Pro-poll protesters warned of action

politics May 20, 2018 01:00

By THE SUNDAY NATION

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POLICE have warned pro-election demonstrators of legal action if they go ahead with their plan to march to Government House on the fourth anniversary of the 2014 coup on Tuesday.



The threat came as security authorities voiced concern over possible violence or clashes if the protesters moved their rally from Thammasat University’s Tha Phrachan campus to Government House.

Deputy national police chief Pol General Srivara Rangsibrahmanakul said yesterday that forces would keep a close watch for possible intervention by “a third party” having the intention to cause a commotion or violence.

“Police all over the country have been instructed to set up security checkpoints. Searches are being conducted for all kinds of weapons” since midnight on Friday until the end of this month, Srivara said.

He added that at least three companies of police officers had been prepared to provide safety for the demonstrators at their protest site inside the university and also along the route of their march, if they opted to move elsewhere.

Srivara also warned the group, which calls itself “People Who Want to Vote”, that in exercising their constitutional rights they needed to comply with the law on public assembly.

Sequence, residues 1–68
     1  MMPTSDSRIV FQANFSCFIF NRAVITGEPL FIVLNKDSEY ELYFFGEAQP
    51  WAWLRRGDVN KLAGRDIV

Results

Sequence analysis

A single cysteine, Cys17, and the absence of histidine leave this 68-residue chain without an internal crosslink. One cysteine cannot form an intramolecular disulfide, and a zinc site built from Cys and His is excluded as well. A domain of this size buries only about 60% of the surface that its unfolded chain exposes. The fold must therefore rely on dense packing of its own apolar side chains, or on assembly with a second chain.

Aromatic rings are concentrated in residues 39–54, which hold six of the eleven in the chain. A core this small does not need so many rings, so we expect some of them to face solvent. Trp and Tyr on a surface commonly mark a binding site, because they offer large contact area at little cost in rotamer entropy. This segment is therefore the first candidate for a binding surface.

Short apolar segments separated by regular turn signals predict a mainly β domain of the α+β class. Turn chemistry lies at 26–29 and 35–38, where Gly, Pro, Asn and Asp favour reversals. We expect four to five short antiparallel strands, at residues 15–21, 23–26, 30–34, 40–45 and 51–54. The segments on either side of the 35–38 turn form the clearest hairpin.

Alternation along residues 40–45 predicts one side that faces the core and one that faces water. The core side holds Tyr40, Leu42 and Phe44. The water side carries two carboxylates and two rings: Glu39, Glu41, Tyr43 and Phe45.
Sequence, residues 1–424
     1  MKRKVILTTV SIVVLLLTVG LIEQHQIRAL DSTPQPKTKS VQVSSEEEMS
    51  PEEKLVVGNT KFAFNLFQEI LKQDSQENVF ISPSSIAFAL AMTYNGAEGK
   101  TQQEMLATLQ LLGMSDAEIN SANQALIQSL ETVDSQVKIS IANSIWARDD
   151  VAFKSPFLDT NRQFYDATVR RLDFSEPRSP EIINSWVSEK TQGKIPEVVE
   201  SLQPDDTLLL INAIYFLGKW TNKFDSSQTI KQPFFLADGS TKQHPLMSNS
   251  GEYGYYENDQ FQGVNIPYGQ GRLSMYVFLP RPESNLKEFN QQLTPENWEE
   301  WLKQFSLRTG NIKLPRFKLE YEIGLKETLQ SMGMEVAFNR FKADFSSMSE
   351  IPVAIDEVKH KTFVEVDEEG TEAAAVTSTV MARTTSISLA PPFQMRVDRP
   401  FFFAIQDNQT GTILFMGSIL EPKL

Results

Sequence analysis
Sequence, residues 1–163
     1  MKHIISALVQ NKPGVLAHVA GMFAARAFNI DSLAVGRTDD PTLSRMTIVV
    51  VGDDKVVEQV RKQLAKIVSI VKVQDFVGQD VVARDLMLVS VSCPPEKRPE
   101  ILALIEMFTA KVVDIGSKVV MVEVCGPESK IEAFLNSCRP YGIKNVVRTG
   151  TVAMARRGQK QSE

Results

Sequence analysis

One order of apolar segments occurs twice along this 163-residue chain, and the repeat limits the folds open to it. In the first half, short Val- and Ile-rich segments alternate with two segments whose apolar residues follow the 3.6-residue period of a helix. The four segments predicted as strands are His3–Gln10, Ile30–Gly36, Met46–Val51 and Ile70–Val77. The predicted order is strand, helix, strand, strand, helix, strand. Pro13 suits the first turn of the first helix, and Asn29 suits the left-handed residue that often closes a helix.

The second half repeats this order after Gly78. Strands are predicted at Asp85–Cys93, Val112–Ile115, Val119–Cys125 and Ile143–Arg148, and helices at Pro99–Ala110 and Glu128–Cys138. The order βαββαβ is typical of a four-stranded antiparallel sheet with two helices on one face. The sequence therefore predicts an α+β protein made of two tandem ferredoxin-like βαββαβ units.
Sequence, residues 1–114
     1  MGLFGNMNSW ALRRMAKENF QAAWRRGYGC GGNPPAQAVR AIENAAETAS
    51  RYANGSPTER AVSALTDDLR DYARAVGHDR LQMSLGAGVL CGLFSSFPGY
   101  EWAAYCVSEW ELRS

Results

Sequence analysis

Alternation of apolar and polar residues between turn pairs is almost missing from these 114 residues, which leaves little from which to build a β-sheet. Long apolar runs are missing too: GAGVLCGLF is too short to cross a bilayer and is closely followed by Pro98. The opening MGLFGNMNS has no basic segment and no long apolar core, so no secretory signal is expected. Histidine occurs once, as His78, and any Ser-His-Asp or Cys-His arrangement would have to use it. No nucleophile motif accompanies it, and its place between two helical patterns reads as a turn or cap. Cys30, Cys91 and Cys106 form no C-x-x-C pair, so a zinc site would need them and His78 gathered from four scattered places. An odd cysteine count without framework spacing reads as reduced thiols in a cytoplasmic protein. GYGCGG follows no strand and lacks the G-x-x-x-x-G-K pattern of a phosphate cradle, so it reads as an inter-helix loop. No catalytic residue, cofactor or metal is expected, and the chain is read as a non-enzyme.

He said their protest inside the university was permitted but that they would not be allowed to move out of the area.

“It’s against the law to move out of the permitted protest area. Their march will affect the traffic and police are not authorised to allow a demonstration on the streets,” he said.

The Metropolitan Police have notified leaders of the protest that the activists are not allowed to move out of the permitted protest area, according to Srivara.

“If they do not comply, we will have to take legal action,” he added.

The “People Who Want to Vote” have threatened to stage a march to Government House to submit their call for Prime Minister Prayut Chan-o-cha to hold the next election in November, as promised previously. 

The tentative schedule was postponed until next February after the National Legislative Assembly delayed enactment of the new electoral law by three months.

Meanwhile, a source in the ruling junta, the National Council for Peace and Order, said yesterday that security authorities were worried the pro-election group’s planned march to Government House might result in a clash, or at least cause traffic congestion.

“We ask the demonstrators not to move out of the protest venue,” the source said.